Only a third of viewers know analogue TV is to be switched off between 2008 and 2012, a survey has suggested.
An estimated 63% of UK households have digital TV
Just 37% of those surveyed knew about the switch to digital, as opposed to 73% who did not know when analogue would be switched off in their area.
Only 30% of the over-60s surveyed knew about the change at all.
However, a body set up to co-ordinate the switchover process says awareness is higher than the poll - conducted by retailers You Me TV - suggests.
A spokesman for the independent not-for-profit organisation Digital UK said its own surveys contradicted the findings of the You Me TV poll.
"A BMRB survey conducted immediately after the switchover programme was announced shows overall awareness significantly higher at 65%," he said.
He added that "early signs from an ICM survey we have currently in the field reinforces this in the Borders region", the area that will be the first to convert to digital in three years' time.
Digital UK's campaign will target each region at a time, three years before its digital switchover approaches.
The You Me TV poll stated 62% of respondents said the government should help pay for the switch.
Nearly two-thirds of those surveyed - 61% - worried about the cost of making the move to digital, while a third believed the BBC should help with the costs.
Just 5% said those costs should be paid directly by the public.
Of those surveyed, 86% thought they were already paying too much for the licence fee, while 51% said they were confused about the different digital TV packages available.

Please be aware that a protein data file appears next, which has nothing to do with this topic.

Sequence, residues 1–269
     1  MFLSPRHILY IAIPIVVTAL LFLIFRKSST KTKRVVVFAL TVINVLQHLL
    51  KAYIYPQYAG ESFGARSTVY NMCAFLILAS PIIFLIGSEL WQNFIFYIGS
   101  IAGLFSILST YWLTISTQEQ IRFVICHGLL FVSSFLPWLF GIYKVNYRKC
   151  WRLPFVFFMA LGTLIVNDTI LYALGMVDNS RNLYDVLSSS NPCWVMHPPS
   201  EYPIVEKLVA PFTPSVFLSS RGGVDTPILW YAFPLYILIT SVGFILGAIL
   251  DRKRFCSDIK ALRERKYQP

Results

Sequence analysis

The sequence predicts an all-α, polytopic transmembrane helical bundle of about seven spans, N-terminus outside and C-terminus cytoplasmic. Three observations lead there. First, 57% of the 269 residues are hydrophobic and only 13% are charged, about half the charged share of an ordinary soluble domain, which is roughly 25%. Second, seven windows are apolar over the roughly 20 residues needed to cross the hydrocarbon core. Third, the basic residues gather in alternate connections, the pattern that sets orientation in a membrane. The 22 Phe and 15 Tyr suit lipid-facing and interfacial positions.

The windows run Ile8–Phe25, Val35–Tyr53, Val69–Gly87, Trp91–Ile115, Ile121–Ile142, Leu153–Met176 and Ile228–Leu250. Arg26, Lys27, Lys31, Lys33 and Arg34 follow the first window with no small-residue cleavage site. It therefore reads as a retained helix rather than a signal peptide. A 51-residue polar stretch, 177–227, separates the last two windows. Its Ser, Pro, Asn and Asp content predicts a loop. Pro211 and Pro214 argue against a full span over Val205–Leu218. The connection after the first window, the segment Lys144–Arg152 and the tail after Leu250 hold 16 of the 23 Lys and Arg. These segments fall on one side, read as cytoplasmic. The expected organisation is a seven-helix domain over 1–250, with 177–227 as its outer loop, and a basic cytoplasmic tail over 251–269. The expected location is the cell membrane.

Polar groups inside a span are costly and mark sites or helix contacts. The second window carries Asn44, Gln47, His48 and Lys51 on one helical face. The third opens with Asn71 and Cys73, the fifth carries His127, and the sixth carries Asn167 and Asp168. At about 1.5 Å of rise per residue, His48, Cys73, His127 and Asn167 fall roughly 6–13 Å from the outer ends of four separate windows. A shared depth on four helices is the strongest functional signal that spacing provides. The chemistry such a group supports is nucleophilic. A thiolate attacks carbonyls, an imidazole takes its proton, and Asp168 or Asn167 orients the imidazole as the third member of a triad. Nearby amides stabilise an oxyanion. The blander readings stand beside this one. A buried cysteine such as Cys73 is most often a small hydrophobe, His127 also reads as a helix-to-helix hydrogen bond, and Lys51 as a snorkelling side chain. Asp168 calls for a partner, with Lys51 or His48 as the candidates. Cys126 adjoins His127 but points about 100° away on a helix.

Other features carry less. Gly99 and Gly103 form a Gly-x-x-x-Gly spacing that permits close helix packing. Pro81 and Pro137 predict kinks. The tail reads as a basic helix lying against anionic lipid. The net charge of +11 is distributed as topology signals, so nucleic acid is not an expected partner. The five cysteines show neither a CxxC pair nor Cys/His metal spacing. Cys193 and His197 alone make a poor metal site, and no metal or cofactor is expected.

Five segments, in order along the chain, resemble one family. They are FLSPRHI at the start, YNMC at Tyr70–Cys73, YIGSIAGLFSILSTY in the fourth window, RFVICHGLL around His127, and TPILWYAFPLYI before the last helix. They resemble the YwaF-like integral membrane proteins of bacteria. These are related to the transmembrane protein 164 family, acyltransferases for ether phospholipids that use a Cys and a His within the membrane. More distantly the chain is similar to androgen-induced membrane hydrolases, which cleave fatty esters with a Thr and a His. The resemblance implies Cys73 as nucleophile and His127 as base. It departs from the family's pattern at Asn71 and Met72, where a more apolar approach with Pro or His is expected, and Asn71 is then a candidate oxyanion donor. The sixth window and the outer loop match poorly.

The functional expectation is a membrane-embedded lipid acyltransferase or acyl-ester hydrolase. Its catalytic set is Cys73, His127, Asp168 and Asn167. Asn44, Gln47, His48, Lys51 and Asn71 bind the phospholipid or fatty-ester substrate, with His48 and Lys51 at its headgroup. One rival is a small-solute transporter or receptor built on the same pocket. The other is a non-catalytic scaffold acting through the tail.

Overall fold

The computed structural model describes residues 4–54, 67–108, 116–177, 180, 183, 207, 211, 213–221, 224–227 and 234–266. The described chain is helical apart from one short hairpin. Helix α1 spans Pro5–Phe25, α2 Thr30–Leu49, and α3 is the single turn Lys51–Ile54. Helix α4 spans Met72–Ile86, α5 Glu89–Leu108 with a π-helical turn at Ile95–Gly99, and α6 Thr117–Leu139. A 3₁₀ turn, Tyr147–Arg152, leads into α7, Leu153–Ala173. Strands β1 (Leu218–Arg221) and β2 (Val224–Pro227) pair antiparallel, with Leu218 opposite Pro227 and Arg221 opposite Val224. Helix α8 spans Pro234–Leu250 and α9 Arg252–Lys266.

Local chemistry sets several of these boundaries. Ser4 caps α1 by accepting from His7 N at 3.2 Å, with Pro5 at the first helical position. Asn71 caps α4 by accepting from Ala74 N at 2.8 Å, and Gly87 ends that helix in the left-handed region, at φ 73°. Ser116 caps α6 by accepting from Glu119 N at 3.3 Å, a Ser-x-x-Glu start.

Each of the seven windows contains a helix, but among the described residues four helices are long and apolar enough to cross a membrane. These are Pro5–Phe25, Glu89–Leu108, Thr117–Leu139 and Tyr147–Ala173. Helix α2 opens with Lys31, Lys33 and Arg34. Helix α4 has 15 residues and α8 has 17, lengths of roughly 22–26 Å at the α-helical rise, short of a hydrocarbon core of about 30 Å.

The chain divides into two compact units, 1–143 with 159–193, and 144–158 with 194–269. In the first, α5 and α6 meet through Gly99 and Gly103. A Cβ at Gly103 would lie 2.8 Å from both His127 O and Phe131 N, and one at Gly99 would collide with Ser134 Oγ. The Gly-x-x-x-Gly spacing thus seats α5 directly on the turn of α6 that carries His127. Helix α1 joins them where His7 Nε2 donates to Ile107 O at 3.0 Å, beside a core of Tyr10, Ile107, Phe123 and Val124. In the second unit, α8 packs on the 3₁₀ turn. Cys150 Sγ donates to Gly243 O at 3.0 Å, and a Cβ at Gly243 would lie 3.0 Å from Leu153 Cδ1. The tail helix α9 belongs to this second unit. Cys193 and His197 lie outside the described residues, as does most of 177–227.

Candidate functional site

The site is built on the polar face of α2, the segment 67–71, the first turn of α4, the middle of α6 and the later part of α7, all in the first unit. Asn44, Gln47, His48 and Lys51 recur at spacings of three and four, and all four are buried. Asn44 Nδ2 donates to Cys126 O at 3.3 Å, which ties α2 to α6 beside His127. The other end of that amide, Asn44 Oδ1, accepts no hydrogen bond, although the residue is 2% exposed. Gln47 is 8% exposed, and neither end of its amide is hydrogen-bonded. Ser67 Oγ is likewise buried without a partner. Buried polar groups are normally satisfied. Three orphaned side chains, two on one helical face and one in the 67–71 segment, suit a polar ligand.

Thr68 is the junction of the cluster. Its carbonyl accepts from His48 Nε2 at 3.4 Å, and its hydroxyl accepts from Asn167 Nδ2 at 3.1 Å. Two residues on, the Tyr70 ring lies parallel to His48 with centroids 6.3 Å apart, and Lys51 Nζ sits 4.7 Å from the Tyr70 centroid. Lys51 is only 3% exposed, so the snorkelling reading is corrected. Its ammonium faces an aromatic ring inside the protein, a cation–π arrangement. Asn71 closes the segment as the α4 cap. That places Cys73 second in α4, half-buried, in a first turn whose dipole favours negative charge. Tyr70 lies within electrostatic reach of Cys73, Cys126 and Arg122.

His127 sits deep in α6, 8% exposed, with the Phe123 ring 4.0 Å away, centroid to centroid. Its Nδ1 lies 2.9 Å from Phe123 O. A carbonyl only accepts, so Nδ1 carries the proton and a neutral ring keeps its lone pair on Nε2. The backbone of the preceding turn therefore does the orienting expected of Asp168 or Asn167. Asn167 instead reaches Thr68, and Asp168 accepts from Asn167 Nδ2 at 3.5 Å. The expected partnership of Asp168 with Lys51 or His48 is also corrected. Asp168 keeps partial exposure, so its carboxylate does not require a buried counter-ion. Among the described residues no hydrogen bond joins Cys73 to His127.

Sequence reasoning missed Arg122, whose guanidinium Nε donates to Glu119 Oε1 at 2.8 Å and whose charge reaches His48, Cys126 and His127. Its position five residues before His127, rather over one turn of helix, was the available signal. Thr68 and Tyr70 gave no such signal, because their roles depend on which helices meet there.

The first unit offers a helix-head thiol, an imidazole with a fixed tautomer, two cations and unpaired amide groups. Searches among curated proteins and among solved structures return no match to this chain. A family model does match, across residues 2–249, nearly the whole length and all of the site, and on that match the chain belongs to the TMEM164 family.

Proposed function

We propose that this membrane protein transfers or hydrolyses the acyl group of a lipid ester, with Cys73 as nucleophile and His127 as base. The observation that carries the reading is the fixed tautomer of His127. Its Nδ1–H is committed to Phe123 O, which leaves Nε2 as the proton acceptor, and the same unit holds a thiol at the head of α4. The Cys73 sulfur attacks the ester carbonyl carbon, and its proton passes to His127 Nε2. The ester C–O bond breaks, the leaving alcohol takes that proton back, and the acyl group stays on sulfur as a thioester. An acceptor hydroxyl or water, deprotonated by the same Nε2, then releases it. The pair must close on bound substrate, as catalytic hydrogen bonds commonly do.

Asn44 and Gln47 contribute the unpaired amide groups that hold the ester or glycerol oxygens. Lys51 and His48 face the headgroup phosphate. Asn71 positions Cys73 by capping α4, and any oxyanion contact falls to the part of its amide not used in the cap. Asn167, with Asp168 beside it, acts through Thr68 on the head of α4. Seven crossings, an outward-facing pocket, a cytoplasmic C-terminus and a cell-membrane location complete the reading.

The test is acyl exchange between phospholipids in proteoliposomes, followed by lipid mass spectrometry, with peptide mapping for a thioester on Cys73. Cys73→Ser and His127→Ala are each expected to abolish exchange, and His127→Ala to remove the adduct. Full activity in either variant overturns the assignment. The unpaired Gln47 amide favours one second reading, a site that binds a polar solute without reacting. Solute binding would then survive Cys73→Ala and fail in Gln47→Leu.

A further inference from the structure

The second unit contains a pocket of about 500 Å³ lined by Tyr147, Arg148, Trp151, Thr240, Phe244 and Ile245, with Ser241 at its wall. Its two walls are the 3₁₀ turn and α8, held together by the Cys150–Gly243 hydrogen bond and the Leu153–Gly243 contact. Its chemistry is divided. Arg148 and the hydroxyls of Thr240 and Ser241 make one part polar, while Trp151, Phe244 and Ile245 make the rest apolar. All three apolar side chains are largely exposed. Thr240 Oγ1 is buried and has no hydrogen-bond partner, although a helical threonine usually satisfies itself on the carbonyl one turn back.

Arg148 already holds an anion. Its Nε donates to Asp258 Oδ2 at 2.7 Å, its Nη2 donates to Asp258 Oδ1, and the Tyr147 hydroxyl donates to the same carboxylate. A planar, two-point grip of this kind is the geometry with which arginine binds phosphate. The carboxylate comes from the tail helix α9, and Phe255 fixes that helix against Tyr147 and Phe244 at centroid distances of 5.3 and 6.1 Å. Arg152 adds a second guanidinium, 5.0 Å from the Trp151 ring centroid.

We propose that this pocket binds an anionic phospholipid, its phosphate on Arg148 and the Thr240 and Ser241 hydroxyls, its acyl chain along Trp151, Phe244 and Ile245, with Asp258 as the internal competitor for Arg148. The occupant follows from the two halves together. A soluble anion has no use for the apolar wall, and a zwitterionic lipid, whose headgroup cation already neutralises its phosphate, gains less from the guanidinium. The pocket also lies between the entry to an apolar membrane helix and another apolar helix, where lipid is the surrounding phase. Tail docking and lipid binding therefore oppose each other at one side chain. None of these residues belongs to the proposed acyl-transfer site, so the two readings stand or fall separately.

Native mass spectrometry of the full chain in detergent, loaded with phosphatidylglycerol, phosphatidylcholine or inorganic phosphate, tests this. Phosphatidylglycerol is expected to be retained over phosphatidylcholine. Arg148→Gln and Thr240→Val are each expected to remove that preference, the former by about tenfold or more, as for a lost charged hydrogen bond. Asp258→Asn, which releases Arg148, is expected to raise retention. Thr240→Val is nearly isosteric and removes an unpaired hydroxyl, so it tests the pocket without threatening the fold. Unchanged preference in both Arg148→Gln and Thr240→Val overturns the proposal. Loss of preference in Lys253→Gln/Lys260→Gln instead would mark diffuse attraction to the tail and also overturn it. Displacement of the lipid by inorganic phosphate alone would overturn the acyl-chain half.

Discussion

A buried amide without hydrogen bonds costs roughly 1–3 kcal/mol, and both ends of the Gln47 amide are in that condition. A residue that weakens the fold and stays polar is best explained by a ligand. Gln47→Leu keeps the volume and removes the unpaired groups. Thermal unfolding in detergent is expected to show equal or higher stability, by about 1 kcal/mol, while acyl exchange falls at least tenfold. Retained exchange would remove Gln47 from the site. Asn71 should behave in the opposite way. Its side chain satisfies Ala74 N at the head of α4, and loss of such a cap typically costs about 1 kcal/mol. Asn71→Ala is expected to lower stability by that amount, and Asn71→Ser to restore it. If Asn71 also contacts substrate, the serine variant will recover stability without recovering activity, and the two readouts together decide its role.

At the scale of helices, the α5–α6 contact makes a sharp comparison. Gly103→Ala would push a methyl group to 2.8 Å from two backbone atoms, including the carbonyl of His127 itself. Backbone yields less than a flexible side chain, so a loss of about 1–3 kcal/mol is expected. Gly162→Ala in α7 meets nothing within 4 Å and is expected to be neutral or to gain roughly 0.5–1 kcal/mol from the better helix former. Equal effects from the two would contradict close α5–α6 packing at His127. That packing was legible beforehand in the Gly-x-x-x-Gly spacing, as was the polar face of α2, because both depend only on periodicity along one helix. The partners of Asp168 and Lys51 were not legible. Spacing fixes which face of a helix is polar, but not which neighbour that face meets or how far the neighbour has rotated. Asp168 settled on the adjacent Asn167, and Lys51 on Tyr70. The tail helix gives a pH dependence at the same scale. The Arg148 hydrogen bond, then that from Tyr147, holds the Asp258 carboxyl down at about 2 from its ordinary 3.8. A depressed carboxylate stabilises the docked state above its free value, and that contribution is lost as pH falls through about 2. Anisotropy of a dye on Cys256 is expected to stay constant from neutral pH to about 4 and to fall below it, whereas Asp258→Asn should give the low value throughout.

People in Scotland had the lowest level of awareness, with just 29% knowing about the change.
Ms Jowell said the over 75s will be helped with the switch
You Me TV chief executive Daniel Green said the survey showed the public was "still not tuned-in to the big TV switch-off".
"We discovered the majority of people don't know about the main issues surrounding digital TV," he said.
"The government and the BBC face a big task to educate the British public about the switch-off, especially amongst those over 60 and people in Scotland."
But Digital TV have questioned those claims, saying awareness is high in the Border television region which is the first to convert in three years' time.
The survey's findings come after media regulator Ofcom's consumer panel said last month that vulnerable people needed more government help to make the switch-over.
The BBC is spending £200m on raising awareness about digital TV, and has put this money into Digital UK.
Culture Secretary Tessa Jowell outlined help for the elderly and disabled to access equipment needed for the switch when she announced the formal go-ahead and timetable last month.
The You Me TV survey was conducted with 1,421 people in shopping centres nationwide last month.